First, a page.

The Nikon Coolpix P7800 ($549.95) is the latest iteration of the company’s top-end compact camera. The compact retains the 12-megapixel image sensor and 28-200mm f/2-4 zoom lens of its predecessor, the P7700, but it adds a built-in EVF. It’s still missing some features that you’ll find in competing cameras, like the built-in Wi-Fi that Editors’ Choice winners like the Olympus Stylus 1 and Sony Cyber-shot DSC-RX100 IIfeature, but its control layout will appeal to D-SLR shooters looking in search of a second, smaller camera. The P7800 has its strengths, including slow motion video recording and a vari-angle display, but it faces stiff competition within its class.
Design and Features
The P7800 is bigger all around than your average compact, but its 3.1-by-4.7-by-2-inch (HWD) frame is not out of line for cameras in this class. It’s on the heavy side at 14.1 ounces, though feels quite solid in the hand. It’s not too far off in size or shape from the Canon PowerShot G16 (3 by 4.3 by 1.6 inches, 12.6 ounces), a similar model from Nikon’s biggest competitor that boasts a zoom lens that isn’t quite as long, but has a slightly wider aperture.
For a long time the Nikon P series packed the longest zoom range in a compact with a 1/1.7-inch image sensor. The P7800 uses the same 28-200mm f/2-4 (35mm equivalent) as the P7700, but the Olympus Stylus 1 has swooped onto the market in the meantime. Its 28-300mm f/2.8 lens doesn’t capture as much light at its widest angle, but it does manage to maintain a constant aperture through its longer zoom range. It’s little bit bigger than the already large P7800 all around, to the point where we classified it as a bridge camera when we reviewed it.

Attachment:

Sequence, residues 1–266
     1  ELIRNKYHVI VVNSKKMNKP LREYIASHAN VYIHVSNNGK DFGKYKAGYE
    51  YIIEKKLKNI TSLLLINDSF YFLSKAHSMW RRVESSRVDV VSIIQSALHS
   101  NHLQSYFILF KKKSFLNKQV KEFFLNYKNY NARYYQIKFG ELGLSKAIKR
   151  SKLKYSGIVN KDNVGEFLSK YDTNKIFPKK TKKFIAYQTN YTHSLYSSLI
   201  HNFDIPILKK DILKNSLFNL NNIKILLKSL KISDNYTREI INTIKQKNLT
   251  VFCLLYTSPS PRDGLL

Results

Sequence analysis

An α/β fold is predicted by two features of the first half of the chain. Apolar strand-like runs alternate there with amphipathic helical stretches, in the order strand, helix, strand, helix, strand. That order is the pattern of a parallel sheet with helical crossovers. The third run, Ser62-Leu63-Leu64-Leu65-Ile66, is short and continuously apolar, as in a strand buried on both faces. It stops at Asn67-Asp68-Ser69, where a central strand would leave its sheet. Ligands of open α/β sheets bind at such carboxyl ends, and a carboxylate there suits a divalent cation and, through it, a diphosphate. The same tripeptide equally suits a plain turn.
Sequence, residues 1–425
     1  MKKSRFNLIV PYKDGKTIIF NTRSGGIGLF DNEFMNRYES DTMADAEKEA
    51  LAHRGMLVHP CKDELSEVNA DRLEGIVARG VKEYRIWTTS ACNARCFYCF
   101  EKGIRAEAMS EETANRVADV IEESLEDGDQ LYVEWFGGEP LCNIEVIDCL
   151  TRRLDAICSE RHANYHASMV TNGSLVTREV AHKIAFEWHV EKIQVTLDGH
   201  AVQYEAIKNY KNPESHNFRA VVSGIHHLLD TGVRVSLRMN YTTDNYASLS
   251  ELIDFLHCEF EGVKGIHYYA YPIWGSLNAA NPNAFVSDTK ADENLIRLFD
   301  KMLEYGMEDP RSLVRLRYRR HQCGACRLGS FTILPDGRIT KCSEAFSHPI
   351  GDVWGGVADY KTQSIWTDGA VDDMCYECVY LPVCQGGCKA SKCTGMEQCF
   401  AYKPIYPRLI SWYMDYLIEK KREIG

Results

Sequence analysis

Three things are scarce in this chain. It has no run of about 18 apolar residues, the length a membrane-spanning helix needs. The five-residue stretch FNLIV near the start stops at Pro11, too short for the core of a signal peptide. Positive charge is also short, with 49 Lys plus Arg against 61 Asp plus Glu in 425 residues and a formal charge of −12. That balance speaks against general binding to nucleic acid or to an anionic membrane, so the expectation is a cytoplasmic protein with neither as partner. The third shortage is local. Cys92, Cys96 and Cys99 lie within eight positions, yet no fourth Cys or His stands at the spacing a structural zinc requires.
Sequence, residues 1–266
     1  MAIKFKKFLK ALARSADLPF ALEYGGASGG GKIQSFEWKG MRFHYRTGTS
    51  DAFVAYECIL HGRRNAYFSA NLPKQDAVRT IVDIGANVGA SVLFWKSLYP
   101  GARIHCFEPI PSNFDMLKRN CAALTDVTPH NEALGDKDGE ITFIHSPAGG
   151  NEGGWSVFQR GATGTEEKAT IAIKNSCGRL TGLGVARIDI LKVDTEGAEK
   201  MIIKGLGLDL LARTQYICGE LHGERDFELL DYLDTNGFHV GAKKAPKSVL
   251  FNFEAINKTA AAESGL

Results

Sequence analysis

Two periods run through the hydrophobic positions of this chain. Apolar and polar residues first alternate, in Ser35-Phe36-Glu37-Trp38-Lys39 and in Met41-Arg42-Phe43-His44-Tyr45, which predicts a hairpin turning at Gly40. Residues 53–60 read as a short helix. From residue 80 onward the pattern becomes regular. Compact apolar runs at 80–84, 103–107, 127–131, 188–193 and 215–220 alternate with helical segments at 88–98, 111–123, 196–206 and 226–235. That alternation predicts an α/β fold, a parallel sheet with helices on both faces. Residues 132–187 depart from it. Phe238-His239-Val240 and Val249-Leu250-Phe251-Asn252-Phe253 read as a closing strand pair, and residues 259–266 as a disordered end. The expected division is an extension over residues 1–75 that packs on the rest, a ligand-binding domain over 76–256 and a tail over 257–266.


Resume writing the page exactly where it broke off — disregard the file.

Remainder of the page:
The P7800 is unmatched in its class in terms of physical control. There are buttons and control dials packed into its frame; it’s certainly possible to get good images out of the camera with everything set to automatic, but expert photographers can take control of the P7800′s settings with ease. The Fn1 button, on the front near the handgrip, works in conjunction with the front or rear control dial and the shutter button to perform three programmable functions. The functions that work in conjunction with the dials can be assigned to adjust functions that have multiple settings, including the drive mode, metering pattern, flash power, and ISO. The tasks you can assign to the shutter button combination are a bit more limited; you can set it to take a Raw image if the camera is set to JPG or vice versa, or override custom settings to shoot a single image with automatic ISO, white balance, or the standard Picture Control setting for JPG output.